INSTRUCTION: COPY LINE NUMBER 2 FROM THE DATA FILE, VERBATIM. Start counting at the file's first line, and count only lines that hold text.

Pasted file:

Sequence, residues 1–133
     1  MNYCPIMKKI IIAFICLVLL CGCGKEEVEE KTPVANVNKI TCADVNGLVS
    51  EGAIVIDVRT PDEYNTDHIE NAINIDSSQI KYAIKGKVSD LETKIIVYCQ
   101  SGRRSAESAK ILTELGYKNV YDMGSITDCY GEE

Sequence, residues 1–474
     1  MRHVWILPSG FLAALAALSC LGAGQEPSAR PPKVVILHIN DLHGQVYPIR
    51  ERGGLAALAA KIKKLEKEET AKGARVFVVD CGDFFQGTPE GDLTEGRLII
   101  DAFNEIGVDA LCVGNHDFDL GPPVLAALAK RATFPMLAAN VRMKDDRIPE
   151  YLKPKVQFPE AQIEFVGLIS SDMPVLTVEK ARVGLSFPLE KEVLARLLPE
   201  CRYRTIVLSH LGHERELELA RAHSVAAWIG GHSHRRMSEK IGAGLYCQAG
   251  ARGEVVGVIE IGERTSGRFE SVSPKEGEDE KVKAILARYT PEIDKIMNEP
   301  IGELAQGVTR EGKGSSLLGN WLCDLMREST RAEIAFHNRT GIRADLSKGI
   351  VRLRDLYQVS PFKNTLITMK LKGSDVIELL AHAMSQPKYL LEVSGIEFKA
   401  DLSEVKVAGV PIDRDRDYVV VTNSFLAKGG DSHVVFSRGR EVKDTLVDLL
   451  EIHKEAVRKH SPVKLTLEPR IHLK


     1  MNYCPIMKKI IIAFICLVLL CGCGKEEVEE KTPVANVNKI TCADVNGLVS